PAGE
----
Sam Altman, the head of artificial intelligence firm OpenAI, has been ousted by the company’s board, which said it had lost confidence in his ability to lead the company.
The board said Altman had not been “consistently candid with his communications”, hindering its ability to exercise its responsibilities.
The 38-year-old had also become a spokesman for the artificial intelligence industry, appearing before Congress this year to testify about new rules for artificial intelligence.
On social media, Altman wrote that he had loved his time at the company.
“It was transformative for me personally, and hopefully the world a little bit. Most of all I loved working with such talented people,” he wrote. “Will have more to say about what’s next later.”
In a statement, the board said it was grateful for Altman’s contributions but that members believed new leadership was necessary.
“The board no longer has confidence in his ability to continue leading OpenAI,” the company said, citing “a deliberative review process by the board, which concluded that he was not consistently candid in his communications with the board, hindering its ability to exercise its responsibilities.”
The company said chief technology officer, Mira Murati, would take over as interim chief, effective immediately, while the board searches for a permanent replacement.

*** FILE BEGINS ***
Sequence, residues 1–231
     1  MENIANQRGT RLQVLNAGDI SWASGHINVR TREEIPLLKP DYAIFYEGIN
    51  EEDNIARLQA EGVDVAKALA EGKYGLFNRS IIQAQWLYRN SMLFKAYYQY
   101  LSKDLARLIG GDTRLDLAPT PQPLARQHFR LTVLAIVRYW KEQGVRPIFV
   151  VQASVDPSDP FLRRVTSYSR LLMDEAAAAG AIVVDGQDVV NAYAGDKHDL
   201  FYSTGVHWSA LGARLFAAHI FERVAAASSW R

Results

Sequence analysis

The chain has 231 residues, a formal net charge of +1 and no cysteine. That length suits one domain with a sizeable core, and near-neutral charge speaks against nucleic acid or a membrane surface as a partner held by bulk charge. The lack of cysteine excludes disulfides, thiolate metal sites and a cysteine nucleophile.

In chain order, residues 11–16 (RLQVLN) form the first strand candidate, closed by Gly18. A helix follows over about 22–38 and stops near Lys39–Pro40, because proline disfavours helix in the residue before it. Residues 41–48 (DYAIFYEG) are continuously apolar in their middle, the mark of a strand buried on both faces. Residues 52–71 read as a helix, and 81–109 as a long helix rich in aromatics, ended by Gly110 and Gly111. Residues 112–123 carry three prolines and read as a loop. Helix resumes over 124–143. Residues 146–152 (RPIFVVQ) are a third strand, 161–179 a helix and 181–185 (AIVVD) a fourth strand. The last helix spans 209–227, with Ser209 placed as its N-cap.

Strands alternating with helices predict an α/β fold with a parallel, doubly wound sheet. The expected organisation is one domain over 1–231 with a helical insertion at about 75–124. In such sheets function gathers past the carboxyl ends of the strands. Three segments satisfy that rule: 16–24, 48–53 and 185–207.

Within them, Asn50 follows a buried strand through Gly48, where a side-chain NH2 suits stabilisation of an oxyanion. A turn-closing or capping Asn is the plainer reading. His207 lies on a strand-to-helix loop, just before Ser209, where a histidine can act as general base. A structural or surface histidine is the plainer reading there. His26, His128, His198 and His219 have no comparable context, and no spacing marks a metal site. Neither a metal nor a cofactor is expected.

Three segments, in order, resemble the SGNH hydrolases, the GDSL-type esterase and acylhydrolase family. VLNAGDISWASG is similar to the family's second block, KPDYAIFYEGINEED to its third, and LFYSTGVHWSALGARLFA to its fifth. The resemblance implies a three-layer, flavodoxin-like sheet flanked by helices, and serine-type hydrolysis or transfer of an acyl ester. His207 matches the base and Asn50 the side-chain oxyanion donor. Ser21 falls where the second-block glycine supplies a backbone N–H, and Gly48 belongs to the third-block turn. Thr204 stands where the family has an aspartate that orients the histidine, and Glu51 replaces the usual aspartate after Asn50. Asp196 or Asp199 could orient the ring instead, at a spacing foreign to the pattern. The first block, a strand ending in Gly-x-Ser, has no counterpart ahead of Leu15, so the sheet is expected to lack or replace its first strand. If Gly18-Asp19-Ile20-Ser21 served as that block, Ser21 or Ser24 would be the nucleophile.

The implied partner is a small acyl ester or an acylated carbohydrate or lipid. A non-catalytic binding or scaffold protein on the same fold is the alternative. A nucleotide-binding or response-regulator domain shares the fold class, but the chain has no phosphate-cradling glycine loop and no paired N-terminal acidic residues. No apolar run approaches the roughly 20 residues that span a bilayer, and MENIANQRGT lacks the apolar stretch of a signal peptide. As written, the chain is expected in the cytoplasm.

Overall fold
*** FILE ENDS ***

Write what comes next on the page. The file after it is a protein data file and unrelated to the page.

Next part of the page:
Industry responds to Sam Altman’s dismissal
The announcement of Altman’s departure sent shockwaves through the sector, BBC reports.
On social media, former Google boss Eric Schmidt called Altman “a hero of mine” and said that he had “changed our collective world forever”.
“I can’t wait to see what he does next. I, and billions of people, will benefit from his future work- it’s going to be simply incredible,” he wrote.
OpenAI president and co-founder Greg Brockman announced he had quit his role at the company following Altman’s ousting.
In a statement posted X, formerly known as Twitter, Brockman said: “I’m super proud of what we’ve all built together since starting in my apartment eight years ago.
“We’ve been through tough and great times together, accomplishing so much despite all the reasons it should have been impossible. But based on today’s news, I quit.” He said he would continue to “believe in the mission of creating safe AGI that benefits all of humanity”.
OpenAI started in 2015 as a non-profit. It restructured in 2019 and is now backed by Microsoft, which has invested billions.
Just weeks ago, OpenAI was reportedly in talks to sell shares in the company to investors at a price that would value it at more than $80bn (£64bn).